About Love by Anton Chekhov, 1898
The magic trick:
The mention of Pelagea and her love for the abusive cook
The essence of “About Love” is Alehin’s sad story about a love he never had the courage to consummate. So why does Chekhov open with a brief aside about the beautiful Pelagea and her ill-advised love of the ugly and abusive cook? It’s a good question. Let’s discuss.
Chekhov, we know from his famous gun theory, does not waste time with trivialities. Everything he includes in his writing is with tremendous sense of purpose. I’d argue the section about Pelagea and the cook serves two key functions. One, it foreshadows Alehin’s tale of woe by providing a first example of the dangers of failing to take a decisive hand in your own love affairs. And two, it illustrates Alehin’s hypocritical views on love. He is saddened and frustrated by Pelagea’s inability to turn her love toward a more advantageous situation, just as he launches into the story of his own heartache caused by similar weaknesses in himself.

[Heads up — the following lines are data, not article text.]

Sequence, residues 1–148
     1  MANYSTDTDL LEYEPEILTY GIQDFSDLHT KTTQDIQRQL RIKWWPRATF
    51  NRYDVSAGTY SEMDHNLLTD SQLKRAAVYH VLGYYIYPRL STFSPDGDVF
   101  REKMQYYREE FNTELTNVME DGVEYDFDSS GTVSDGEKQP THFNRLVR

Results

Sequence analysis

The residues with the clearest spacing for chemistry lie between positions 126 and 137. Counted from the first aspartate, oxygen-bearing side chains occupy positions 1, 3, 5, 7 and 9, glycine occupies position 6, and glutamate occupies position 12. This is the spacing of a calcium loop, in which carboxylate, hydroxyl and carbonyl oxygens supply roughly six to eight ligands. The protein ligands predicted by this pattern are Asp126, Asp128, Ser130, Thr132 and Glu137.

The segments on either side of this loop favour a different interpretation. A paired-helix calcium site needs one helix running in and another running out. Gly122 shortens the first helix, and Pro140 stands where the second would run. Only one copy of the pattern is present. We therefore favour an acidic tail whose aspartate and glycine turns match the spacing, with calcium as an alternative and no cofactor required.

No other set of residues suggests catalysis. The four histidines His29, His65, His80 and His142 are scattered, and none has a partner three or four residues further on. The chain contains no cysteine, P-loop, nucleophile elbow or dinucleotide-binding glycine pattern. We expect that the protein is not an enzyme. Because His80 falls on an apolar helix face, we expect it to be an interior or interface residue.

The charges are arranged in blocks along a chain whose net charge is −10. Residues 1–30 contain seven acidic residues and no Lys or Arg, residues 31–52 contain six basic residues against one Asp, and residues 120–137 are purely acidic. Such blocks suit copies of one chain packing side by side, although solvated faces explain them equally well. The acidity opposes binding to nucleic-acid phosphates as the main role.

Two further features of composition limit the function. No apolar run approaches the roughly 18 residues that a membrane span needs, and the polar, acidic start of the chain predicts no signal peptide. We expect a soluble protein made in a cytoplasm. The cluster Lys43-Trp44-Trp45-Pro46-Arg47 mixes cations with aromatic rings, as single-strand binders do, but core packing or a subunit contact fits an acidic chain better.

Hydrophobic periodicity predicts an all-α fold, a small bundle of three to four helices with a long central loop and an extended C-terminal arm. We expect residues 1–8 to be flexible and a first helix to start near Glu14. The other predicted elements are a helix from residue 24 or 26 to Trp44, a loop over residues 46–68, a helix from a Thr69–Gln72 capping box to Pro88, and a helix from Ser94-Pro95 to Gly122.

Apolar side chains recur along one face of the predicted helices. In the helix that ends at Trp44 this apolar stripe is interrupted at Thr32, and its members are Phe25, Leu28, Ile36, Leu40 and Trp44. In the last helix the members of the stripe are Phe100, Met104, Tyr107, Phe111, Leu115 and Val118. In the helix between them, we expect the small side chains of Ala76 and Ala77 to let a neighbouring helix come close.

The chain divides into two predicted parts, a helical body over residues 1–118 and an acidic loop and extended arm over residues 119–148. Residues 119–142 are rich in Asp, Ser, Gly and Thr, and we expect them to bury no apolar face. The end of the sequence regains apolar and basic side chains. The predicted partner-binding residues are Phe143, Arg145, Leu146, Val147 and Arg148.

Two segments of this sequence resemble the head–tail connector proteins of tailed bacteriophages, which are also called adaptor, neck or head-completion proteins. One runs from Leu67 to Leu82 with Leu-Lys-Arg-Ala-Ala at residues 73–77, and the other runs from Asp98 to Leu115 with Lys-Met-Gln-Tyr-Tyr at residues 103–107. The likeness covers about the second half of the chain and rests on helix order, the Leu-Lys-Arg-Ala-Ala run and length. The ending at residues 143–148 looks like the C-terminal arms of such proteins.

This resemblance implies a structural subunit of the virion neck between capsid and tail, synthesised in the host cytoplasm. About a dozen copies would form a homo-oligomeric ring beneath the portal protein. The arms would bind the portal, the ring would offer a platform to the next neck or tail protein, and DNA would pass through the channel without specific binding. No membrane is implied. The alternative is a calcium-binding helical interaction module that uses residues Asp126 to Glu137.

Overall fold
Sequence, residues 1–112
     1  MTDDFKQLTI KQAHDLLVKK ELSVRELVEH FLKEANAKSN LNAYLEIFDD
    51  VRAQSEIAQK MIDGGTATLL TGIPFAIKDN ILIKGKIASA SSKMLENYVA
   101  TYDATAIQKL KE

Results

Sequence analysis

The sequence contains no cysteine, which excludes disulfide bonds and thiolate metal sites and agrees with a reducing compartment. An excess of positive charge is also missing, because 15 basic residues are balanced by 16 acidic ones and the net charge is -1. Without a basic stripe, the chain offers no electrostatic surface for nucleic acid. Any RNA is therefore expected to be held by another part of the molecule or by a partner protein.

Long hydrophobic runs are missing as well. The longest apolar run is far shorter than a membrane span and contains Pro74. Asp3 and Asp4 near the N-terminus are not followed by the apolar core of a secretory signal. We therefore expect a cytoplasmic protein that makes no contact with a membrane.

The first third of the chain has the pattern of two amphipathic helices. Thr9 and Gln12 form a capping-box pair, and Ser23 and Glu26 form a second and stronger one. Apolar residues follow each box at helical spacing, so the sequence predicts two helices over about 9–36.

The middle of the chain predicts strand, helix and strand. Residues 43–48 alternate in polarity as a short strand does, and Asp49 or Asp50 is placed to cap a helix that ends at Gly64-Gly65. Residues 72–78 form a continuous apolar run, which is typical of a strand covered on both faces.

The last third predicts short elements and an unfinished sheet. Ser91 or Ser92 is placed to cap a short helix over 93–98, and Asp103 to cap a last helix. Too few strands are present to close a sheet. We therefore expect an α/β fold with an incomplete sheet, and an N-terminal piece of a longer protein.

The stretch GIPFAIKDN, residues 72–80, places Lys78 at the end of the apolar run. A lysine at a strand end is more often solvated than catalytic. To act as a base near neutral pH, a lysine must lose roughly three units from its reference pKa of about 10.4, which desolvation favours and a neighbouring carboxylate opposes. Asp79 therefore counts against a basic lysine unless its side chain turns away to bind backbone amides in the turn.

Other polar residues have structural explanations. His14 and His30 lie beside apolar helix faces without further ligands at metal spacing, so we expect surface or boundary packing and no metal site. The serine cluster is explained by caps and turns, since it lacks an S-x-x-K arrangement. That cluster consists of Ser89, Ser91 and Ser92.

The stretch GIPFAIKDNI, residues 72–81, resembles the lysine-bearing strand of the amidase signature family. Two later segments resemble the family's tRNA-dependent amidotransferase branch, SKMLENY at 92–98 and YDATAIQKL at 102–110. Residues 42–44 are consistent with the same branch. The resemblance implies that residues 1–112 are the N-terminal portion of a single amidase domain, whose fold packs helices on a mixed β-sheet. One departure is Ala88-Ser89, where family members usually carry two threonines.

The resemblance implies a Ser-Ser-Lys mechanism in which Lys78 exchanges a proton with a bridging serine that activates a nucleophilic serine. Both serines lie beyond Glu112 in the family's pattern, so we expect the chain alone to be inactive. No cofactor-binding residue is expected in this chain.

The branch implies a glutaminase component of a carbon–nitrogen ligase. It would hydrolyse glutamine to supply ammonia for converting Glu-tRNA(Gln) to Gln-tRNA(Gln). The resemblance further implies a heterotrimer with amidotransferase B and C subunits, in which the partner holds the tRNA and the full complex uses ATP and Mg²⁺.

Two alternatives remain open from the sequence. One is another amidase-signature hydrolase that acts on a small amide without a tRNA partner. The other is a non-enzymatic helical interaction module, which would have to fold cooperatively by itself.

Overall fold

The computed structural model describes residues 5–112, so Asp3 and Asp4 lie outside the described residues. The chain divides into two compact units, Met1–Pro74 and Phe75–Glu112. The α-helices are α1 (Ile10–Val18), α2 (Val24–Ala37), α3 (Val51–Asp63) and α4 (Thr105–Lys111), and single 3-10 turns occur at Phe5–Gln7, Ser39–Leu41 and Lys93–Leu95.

The entire Little Trilogy features characters and their contradictions. No one is immune. We’re all living hypocrisies. These stories do a wonderful job of wrestling with that idea. And that’s quite a trick on Chekhov’s part.
“Luckily or unluckily, there is nothing in our lives that does not end sooner or later. The time of parting came, as Luganovitch was appointed president in one of the western provinces. They had to sell their furniture, their horses, their summer villa. When they drove out to the villa, and afterwards looked back as they were going away, to look for the last time at the garden, at the green roof, every one was sad, and I realized that I had to say goodbye not only to the villa.”